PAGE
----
Laptops could charge by typing thanks to a virus on the keys

We love the sound of laptops that can be charged by your typing, thanks to a genetically engineered virus.

Whether your laptop gives up just as you're about to finish a crucial report or your phone kicks the bucket when you're hopelessly lost, we've all felt the pain of running out of juice when you're out and about. Which is why we love the sound of laptops that can be charged by your typing, or phones that power up as you walk -- and it's all thanks to a virus.

Devices powered by small everyday movements could come true thanks to a genetically engineered virus that turns movement or pressure into electricity.

It's the first time scientists have generated electricity by harnessing the piezoelectric properties of a biological material. The piezoelectric effect was discovered in 1880 and sees a charge build up in crystals, ceramics and even bone when placed under mechanical stress -- creating a spark in cigarette lighters or barbecues, for example.

A team of big brains at the Lawrence Berkeley National Laboratory in California set out to generate piezoelectric power from the the M13 virus, commonly found in science labs. The M13 bacteriophage only attacks bacteria and is harmless to people, unlike other materials used in piezoelectric devices.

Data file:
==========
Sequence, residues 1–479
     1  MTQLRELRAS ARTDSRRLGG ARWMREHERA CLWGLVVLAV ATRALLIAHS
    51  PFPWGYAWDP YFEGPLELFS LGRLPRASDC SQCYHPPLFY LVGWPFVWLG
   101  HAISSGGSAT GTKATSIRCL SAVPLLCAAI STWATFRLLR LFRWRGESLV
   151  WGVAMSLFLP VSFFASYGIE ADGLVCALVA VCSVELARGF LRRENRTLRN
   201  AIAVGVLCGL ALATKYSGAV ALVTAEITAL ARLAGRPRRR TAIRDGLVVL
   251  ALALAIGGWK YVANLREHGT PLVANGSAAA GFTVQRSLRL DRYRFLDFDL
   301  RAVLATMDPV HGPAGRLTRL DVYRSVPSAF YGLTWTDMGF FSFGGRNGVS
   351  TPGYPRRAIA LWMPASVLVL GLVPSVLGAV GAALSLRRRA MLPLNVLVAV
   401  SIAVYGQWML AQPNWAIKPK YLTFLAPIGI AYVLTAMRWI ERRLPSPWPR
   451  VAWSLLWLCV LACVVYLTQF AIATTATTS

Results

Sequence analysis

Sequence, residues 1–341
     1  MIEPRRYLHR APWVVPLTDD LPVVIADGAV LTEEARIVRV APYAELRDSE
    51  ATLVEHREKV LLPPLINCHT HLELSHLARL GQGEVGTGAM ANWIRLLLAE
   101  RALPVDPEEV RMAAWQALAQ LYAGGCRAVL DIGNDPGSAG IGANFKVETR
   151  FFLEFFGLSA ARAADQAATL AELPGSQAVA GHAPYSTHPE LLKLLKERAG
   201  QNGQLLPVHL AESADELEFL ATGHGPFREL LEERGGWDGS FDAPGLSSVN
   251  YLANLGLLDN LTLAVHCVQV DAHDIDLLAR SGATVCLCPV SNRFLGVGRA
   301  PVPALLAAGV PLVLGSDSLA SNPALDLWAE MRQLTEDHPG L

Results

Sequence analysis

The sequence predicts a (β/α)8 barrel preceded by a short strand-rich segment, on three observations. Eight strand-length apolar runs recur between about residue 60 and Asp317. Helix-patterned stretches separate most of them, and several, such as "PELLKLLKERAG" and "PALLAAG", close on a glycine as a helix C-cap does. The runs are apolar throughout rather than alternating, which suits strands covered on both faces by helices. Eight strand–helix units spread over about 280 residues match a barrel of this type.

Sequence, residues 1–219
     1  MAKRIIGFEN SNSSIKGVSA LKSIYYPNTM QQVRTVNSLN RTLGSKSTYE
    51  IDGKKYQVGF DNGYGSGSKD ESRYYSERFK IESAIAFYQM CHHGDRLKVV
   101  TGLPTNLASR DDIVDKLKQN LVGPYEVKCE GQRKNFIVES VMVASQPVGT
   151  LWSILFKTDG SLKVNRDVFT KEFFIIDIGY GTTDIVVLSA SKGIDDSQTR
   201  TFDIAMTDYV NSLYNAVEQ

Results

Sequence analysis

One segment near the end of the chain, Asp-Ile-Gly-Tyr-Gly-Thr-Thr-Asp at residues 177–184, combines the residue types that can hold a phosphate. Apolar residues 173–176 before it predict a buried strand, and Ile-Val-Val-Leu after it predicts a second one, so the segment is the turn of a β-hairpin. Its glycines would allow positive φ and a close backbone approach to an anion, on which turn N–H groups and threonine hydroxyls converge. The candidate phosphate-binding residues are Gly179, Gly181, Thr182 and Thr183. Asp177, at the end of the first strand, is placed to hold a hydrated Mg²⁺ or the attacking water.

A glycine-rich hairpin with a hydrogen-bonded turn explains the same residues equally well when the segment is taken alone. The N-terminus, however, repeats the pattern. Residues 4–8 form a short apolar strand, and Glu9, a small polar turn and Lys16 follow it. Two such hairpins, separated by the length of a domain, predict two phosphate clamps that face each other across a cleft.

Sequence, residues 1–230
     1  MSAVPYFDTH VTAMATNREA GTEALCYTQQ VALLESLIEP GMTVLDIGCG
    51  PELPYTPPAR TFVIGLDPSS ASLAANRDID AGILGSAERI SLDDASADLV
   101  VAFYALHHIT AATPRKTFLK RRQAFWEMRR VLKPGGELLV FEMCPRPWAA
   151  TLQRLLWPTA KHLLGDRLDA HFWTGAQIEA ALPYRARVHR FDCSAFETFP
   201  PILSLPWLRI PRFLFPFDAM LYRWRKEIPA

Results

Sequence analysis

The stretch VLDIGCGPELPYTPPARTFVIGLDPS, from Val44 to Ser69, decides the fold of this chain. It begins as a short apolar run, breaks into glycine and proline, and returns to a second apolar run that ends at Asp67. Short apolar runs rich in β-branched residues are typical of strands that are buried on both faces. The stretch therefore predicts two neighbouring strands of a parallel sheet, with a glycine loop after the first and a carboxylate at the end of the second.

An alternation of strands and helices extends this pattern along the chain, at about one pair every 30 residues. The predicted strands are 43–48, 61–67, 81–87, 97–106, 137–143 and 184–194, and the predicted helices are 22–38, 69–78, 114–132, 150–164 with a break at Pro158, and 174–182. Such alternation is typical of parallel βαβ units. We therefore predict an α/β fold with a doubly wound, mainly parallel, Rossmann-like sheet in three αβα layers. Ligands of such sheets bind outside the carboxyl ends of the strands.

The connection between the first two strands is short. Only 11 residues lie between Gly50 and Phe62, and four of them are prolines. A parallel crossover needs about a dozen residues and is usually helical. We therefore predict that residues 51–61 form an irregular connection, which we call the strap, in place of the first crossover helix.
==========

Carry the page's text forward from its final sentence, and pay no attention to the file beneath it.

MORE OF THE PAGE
With a quick bit of genetic tinkering to add extra negatively charged amino acid residues to one end of the helical proteins that coat the virus, the voltage of the virus is boosted.

The scientists then covered an electrode the size of a postage stamp with the genetically engineered viruses, and wired it to an LCD display. Hey presto: tap on the electrode, and the viruses convert the force of the tap into an electric charge.

Pressing on the electrode produces up to six nanoamperes of current and 400 millivolts of potential: that's about a quarter of the voltage of an AA battery.

One day we could see virus-coated keyboards juicing up our laptops, or virus-coated electrodes in our shoes powering the lights on the heel products in our pockets. What other gadgets could be charged by small every day movements? Infect the comments or our Facebook page with your thoughts.

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Laptops
About the author

Rich Trenholm is a senior editor at CNET where he covers everything from phones to bionic implants. Based in London since 2007, he has travelled the world seeking out the latest and best consumer technology for your enjoyment.

 

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